And then I fell in love with watching a garden grow. If you look carefully, you can truly see a difference in your plants every day. Maybe one squash loses its creamy-orange flower. Maybe one strand of dill shoots taller. Maybe one tomato gets a little redder. The changes are so rewarding to notice.

Could I say the same about watching my boys grow? Well, they seem to grow a little slower, but all of the sudden I’ll notice that their pants are too short, and their big toe is all the way to the tip of their shoes. When did that happen?! It’s as if there was no incremental change, but it happened in a burst. And yet, I know better. They’re growing all the time, and I’m both delighted and melancholy about it. Of course, growing means they’re healthy, but it also means they’re getting older, and I want to hold on to them as long as I can.

Lumbering at Lowe’s and Planter Prep

My three boys traveled with me to Lowe’s to purchase lumber and brackets for their planters. There’s a lot they can do in that store – as you can see – so I try to go when it’s not very busy. That way, boys lounging on piles of lumber or playing tag while the wood is cut, is not distracting (annoying) to other customers.


I purchased 8 x 10 treated planks, which Lowe’s employees cut in half for me,  a much better option than my husband cutting them. Those long planks are awkward for one man, and it’s an extra step I can take care of.  The garden beds will be four feet by four feet.

I also purchased  L-brackets to help hold the wood together. These don’t do the job alone – lots of long screws are added in random places – but they help in the event that some screws loosen.

Building the boys’ planters requires husband and wife teamwork. Generally, my hubby and I tackle projects pretty well. I hold the four foot boards steady while Ty uses the power drill. The boys dance around the activity and jump on the trampoline.



Building the boys’ planters requires teamwork. Generally, my hubby and I tackle projects pretty well. I hold the four foot boards steady while Ty uses the power drill. We move from corner to corner, over and over, until all 16 corners are secured. The boys dance around the activity and jump on the trampoline.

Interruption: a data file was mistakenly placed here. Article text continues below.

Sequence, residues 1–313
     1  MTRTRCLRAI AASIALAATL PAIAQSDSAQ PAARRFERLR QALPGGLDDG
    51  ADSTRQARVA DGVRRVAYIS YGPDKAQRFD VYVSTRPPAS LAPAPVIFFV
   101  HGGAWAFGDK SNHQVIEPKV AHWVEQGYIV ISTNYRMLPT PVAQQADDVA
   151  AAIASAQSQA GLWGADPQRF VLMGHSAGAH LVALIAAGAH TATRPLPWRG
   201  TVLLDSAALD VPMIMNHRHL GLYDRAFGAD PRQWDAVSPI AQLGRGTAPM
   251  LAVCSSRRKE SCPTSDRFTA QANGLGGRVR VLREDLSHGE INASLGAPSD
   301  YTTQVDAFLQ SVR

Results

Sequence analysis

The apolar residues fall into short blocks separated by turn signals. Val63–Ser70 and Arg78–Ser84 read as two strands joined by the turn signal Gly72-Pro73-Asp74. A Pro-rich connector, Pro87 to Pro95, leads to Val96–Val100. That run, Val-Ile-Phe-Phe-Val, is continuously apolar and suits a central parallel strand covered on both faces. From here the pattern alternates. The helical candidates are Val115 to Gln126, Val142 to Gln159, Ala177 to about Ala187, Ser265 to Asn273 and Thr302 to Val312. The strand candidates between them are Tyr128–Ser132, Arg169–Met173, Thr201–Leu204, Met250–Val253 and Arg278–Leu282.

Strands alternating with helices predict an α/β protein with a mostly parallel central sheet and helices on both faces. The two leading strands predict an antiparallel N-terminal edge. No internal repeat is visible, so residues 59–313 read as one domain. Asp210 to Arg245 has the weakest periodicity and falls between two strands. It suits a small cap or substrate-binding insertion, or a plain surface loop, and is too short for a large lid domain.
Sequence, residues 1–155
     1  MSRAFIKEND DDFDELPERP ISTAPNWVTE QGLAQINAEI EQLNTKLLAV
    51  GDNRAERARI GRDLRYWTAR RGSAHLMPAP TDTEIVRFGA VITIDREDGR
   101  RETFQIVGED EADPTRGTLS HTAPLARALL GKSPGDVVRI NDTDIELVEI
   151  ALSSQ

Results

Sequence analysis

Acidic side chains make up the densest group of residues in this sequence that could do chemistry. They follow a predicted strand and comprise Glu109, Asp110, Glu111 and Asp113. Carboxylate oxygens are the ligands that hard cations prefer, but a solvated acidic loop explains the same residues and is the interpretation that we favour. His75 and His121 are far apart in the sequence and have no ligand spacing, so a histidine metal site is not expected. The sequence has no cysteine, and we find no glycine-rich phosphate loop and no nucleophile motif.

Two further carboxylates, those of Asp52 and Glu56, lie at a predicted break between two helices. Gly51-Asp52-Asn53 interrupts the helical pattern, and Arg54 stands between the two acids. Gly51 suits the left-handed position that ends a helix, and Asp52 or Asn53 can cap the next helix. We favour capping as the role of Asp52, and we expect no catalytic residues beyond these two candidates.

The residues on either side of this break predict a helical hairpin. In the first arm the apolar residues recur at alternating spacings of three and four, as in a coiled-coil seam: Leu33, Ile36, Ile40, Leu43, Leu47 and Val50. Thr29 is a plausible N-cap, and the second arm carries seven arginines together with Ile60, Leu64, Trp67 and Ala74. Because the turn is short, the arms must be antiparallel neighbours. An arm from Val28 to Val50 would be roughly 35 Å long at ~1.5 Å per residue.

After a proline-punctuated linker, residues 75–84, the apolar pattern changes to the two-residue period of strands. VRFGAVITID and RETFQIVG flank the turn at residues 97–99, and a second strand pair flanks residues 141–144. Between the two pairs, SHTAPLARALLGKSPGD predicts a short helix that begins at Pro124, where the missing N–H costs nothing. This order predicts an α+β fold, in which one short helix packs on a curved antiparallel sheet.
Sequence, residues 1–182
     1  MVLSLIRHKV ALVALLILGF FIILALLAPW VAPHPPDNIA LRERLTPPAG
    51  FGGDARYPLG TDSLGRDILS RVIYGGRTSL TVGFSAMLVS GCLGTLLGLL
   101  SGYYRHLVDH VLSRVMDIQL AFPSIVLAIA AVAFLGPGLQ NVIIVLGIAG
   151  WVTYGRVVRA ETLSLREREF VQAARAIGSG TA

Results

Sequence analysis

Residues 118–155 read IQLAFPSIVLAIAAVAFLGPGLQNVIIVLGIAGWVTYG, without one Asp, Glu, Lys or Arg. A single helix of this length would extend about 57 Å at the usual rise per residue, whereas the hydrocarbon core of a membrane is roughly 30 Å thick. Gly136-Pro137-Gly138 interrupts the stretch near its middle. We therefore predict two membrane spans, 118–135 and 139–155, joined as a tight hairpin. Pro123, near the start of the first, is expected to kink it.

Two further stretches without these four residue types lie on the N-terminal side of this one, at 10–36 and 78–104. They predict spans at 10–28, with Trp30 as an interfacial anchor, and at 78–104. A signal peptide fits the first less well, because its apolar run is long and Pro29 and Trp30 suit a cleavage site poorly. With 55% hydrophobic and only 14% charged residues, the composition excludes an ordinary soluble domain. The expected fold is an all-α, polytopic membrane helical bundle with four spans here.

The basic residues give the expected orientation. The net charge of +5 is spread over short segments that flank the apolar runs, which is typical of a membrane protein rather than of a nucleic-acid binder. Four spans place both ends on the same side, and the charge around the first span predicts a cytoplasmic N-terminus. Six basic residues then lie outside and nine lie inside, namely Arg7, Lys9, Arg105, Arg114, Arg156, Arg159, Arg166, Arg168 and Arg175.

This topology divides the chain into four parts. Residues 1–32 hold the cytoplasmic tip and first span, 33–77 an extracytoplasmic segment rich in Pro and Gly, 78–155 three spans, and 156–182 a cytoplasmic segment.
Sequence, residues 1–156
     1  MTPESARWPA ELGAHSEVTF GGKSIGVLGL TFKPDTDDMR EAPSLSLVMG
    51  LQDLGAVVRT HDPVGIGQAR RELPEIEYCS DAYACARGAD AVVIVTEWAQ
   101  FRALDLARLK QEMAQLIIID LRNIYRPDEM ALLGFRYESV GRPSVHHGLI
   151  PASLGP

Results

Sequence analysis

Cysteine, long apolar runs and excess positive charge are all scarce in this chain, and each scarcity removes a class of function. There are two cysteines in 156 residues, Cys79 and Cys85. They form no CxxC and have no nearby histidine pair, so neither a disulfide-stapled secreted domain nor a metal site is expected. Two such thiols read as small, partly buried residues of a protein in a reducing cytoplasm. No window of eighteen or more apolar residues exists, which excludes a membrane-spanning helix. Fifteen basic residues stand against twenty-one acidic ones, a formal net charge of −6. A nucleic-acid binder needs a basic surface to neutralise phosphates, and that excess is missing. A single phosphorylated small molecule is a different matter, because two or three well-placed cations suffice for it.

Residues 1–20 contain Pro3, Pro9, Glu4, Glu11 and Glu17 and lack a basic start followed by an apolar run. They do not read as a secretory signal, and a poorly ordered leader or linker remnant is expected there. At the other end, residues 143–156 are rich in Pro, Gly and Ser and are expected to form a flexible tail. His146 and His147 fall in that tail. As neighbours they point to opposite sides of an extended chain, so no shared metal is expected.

Once the planters are built (one for each boy, one for my husband = 4), there is still a lot of work to be done: mostly dirt work. Dirt is not cheap, even when it’s in abundance all around you. Our neighbor has a skid loader, and he plopped mounds of Iowa soil into the garden beds. I evened out the earth with a shovel and raked out the clots and rocks (not easy!). Then, I added peat moss and potting soil for extra nourishment. These details are quick sentences in my post, but there was a lot of time, shoveling, raking, and sweat involved – all mine – before plants could be planted.

I’ve read a lot about Square Foot Gardening, and I know there is a soil to fertilizer to peat moss ratio, but I didn’t quite follow it. For one, I couldn’t imagine how many bags of each I’d have to buy, haul to the backyard, and dump to fill all the planters. Too many. For two, Iowa dirt has a pretty good track record for making things grow, and I decided I’d bank on it. So, the majority of our planters are filled with soil from home.

My next step was to make a grid, again a tenet of Square Foot Gardening. I measured and marked one foot along each side of the garden bed. Then, I banged a nail into the side every foot. Then, I connected a string of jute from one nail, across the bed to another nail. Finally, a grid: 16, one foot by one foot squares for each planter. I repeated this process for each planter, a total of four times.

The gardens are ready for planting!